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Angiogenic oligosaccharides of hyaluronan induce multiple signaling pathways affecting vascular endothelial cell mitogenic and wound healing responses

Slevin, Mark and Kumar, Shant and Gaffney, John (2002) Angiogenic oligosaccharides of hyaluronan induce multiple signaling pathways affecting vascular endothelial cell mitogenic and wound healing responses. Journal of biological chemistry, 277 (43). pp. 41046-41059. ISSN 0021-9258

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Abstract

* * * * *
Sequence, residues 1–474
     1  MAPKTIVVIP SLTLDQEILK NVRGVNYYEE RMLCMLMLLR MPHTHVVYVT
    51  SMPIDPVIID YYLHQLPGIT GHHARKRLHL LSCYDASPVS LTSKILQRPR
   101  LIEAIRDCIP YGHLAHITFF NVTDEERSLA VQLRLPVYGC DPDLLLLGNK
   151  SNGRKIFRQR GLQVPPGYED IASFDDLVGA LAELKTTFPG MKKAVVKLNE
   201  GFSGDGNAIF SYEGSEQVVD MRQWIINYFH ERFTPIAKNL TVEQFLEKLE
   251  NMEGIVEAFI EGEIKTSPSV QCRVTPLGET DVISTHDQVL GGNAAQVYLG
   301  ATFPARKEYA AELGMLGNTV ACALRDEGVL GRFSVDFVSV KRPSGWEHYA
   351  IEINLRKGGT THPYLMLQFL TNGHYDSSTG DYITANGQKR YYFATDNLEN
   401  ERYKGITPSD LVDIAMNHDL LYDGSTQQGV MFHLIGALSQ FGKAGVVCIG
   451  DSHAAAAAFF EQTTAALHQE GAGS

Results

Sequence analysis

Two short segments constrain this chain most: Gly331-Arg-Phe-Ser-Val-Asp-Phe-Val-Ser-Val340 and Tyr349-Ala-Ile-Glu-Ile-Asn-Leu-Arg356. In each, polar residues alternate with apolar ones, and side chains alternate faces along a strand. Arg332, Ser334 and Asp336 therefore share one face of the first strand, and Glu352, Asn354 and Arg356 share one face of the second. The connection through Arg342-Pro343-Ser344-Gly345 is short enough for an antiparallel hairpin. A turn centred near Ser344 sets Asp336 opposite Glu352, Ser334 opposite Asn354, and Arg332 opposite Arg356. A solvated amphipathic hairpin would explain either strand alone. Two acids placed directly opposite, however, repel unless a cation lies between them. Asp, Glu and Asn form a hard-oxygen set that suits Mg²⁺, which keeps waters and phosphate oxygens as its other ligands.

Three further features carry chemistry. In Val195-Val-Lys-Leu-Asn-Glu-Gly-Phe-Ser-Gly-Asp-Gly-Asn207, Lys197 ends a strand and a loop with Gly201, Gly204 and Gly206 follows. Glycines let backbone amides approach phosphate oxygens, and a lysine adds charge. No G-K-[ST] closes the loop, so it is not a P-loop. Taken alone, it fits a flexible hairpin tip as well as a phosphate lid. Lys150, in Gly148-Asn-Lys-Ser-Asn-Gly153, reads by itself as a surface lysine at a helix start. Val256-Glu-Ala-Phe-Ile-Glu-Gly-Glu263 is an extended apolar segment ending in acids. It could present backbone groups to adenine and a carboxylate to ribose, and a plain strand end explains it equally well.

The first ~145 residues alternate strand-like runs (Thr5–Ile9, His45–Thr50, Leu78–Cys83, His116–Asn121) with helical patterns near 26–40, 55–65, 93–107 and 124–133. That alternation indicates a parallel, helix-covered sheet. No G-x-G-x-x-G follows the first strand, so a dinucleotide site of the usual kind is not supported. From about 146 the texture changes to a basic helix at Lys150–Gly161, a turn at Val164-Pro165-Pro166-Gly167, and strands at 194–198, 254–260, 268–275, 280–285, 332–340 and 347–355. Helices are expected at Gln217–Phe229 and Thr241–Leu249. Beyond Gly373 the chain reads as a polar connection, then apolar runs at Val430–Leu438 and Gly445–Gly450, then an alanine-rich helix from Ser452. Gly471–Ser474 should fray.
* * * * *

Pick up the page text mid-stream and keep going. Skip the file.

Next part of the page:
Hyaluronan (HA) is a large nonsulfated glycosaminoglycan and an important regulator of angiogenesis, in particular, the growth and migration of vascular endothelial cells. We have identified some of the key intermediates responsible for induction of mitogenesis and wound recovery. Treatment of bovine aortic endothelial cells with oligosaccharides of hyaluronan (o-HA) resulted in rapid tyrosine phosphorylation and plasma membrane translocation of phospholipase C1 (PLC1). Cytoplasmic loading with inhibitory antibodies to PLC1, G, and Gi/o/t/z inhibited activation of extracellular-regulated kinase 1/2 (ERK1/2). Treatment with the Gi/o inhibitor, pertussis toxin, reduced o-HA-induced PLC1 tyrosine phosphorylation, protein kinase C (PKC) and 1/2 membrane translocation, ERK1/2 activation, mitogenesis, and wound recovery, suggesting a mechanism for o-HA-induced angiogenesis through G-proteins, PLC1, and PKC. In particular, we demonstrated a possible role for PKC in mitogenesis and PKC1/2 in wound recovery. Using antisense oligonucleotides and the Ras farnesylation inhibitor FTI-277, we showed that o-HA-induced bovine aortic endothelial cell proliferation, wound recovery, and ERK1/2 activation were also partially dependent on Ras activation, and that o-HA-stimulated tyrosine phosphorylation of the adapter protein Shc, as well as its association with Sos1. Binding of Src to Shc was required for its activation and for Ras-dependent activation of ERK1/2, cell proliferation, and wound recovery. Neither Src nor Ras activation was inhibited by pertussis toxin, suggesting that their activation was independent of heterotrimeric G-proteins. However, the specific Src kinase inhibitor PP2 inhibited G subunit co-precipitation with PLC1, suggesting a possible role for Src in activation of PLC1 and interaction between two distinct o-HA-induced signaling pathways.

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